The Government of Canada’s recent amendment to its Food and Drug Regulations, making it mandatory that any claims to a food product being halal be accompanied by the name of the certifying body or person, is a welcome first step.
The domestic halal market in the country is worth $1 billion annually and is growing exponentially with the increase in the Muslim population, which is expected to triple by 2031. In addition to Muslims, there are other groups, which also comprise a significant proportion of halal consumers who value the halal products for health, safety, taste and cultural reasons.
The new labeling requirements provide these consumers with the vital information as to which certifier has deemed the product to be halal. This is a significant shift away from the current practice where many restaurants, food retailers and products affix a ‘halal’ sign without any information as to their justification for such a claim or to which standard they adhere to.
The market is lucrative and so are the chances to commit fraud by selling non-halal meat as halal. The problem is compounded by the fact that in spite of agreeing on the fundamentals there is no single universally accepted standard of halal either in Canada or elsewhere. The government has stayed away from imposing a standard from above and has instead left it to the community to arrive at a consensus if at all possible.
But it could have done several other things from which it has shied away thus making the amendment not meet its full potential rendering it ineffective.
The most important weakness in the amendment is that it doesn’t regulate the certifiers. The backgrounder to the amendment says the Canadian Food Inspection Agency will not ‘establish requirements for becoming a certifying body.’
This essentially means that any person or group can certify and there is absolutely no oversight over their credentials or activities. Even a rudimentary knowledge of halal regulations or food production is not required to become a halal certifier. This is an open invitation for fraud to continue in the halal market.
As in the past there are many individuals, with no more than an access to a computer and a printer, who issue halal certificates with little or no inspection. This becomes even more problematic in the processed food and medicinal drug industries which involve complex ingredients and production processes and whose halal status can only be determined by a body with both religious scholars and food scientists & technologists on board.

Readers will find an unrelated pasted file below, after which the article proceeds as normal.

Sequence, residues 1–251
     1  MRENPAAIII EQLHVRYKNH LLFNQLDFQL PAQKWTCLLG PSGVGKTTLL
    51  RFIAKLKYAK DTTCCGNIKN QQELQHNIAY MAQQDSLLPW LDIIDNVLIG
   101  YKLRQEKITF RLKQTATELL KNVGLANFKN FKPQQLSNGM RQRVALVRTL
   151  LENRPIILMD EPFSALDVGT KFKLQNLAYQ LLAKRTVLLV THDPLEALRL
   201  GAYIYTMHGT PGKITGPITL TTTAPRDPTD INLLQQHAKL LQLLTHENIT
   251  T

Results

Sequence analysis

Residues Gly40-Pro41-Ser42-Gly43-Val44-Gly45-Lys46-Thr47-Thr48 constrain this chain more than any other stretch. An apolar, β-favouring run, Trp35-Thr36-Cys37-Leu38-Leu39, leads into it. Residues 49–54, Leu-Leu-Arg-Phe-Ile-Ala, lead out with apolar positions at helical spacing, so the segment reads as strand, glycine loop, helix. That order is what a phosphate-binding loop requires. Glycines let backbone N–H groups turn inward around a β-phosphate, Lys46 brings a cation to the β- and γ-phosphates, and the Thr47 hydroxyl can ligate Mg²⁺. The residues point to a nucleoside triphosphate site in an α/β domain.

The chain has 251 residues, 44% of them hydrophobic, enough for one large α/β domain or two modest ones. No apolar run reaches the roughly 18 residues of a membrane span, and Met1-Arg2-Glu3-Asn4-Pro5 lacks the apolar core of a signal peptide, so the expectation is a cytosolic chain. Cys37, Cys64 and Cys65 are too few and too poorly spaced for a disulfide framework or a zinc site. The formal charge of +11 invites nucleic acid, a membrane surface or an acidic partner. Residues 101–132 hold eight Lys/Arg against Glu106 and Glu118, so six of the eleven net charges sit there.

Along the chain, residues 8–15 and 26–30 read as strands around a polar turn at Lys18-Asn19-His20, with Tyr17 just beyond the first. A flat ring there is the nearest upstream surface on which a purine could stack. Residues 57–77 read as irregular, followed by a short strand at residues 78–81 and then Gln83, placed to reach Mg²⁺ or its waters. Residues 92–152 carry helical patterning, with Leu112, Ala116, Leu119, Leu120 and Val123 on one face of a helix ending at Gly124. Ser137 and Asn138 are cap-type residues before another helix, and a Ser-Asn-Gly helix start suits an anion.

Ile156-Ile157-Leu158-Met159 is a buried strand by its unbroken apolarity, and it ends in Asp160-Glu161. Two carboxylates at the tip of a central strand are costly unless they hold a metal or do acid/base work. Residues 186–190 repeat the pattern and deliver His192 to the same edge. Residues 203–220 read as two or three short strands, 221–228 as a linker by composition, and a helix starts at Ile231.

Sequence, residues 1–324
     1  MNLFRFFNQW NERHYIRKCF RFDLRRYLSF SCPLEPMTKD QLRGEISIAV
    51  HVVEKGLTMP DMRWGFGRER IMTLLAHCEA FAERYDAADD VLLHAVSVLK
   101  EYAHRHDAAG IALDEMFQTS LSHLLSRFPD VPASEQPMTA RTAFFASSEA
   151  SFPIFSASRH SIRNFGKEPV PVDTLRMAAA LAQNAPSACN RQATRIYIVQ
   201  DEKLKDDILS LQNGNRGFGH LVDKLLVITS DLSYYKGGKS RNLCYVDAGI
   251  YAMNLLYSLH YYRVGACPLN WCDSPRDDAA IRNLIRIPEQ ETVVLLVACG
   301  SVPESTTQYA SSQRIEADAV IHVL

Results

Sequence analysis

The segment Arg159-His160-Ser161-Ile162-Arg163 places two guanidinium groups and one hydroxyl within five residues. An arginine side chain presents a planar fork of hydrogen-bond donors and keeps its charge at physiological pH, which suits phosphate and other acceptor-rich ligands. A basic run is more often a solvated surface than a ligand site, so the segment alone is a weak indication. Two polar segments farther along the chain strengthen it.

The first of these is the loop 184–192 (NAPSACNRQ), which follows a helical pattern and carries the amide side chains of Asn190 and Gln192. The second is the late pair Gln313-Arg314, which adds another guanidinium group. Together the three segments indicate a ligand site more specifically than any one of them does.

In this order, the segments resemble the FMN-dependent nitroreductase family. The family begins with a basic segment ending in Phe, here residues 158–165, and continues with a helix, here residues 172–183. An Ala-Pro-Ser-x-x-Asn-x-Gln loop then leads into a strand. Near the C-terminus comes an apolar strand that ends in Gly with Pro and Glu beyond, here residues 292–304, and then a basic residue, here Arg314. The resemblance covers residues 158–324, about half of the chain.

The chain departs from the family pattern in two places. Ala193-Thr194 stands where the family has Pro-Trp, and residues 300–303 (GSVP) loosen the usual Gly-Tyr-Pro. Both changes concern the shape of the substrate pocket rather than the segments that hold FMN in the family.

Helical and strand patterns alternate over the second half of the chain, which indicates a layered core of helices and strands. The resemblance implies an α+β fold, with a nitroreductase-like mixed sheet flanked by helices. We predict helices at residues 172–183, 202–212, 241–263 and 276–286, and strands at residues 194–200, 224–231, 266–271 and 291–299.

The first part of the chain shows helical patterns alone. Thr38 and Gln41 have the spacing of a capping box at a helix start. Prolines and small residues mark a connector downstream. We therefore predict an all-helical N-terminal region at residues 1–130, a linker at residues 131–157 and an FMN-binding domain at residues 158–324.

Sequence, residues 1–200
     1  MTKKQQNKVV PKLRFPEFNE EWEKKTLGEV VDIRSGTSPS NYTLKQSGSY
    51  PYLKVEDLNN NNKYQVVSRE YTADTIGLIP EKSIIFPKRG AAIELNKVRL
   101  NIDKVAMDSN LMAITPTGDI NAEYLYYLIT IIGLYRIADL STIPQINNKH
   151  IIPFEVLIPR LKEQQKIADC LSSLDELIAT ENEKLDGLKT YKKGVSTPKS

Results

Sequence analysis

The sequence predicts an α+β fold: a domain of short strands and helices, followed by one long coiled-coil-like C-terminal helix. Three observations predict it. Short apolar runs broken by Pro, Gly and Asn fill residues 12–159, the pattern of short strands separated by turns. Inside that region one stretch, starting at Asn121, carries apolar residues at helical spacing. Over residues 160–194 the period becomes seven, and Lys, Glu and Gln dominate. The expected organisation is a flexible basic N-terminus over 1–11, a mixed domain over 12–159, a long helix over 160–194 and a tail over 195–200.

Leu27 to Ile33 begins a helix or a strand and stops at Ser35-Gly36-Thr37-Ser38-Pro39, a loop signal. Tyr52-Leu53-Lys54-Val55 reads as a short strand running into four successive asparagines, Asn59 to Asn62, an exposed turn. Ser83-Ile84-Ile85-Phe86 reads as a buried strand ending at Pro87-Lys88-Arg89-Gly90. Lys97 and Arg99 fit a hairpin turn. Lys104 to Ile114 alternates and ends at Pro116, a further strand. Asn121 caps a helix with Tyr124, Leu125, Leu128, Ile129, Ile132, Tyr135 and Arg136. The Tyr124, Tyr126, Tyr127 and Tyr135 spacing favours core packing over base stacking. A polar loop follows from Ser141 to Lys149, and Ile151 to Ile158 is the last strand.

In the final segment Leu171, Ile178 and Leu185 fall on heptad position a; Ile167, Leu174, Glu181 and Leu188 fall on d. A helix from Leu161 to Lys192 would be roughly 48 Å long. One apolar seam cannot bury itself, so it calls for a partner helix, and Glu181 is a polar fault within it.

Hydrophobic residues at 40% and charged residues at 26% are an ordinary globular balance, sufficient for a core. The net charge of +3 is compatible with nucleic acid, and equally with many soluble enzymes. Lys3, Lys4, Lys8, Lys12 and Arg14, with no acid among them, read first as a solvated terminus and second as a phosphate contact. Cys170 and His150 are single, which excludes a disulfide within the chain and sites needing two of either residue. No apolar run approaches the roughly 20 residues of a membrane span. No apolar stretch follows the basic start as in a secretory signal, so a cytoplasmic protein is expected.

The current regulations are also vague on the penalties for offenders of the regulation making the whole exercise effectively useless.
The CFIA presently regulates and approves Organic certifiers. It is puzzling why it can’t do the same for halal and kosher certifiers. The government cannot shirk its responsibility by citing the lack of community consensus by excluding itself from facilitating such an exercise.
In 2011 the federal government gave $763,650 for the Canadian Kosher Food Safety Initiative with the aim to bring together various industry stakeholders and establish minimum standards, which could be voluntary adopted. Lacking such government involvement keeps the door open to cartels and monopolies to reduce consumer choice.
This is already happening in the market with vested commercial interests using information networks like mosques, food festivals, and supply chains to exclude and discredit halal businesses as well as certification agencies just because they don’t adhere to the certain criteria.
Attempts by private businesses to facilitate consensus have failed both because of conflict of interest as well as suspicion of poaching clients by rival certification bodies in the name of improving transparency.
In such a scenario the Canadian Kosher Food Safety Initiative can serve as a model for the halal industry. It will improve reliability of Canadian halal food products, strengthen consumer confidence, and enhance its reputation globally. Public-private partnership is essential for such an outcome.
[Mohammed Ayub Khan is a doctoral candidate in the Department of Political Science at McMaster University. He also works as a consultant in the halal food industry].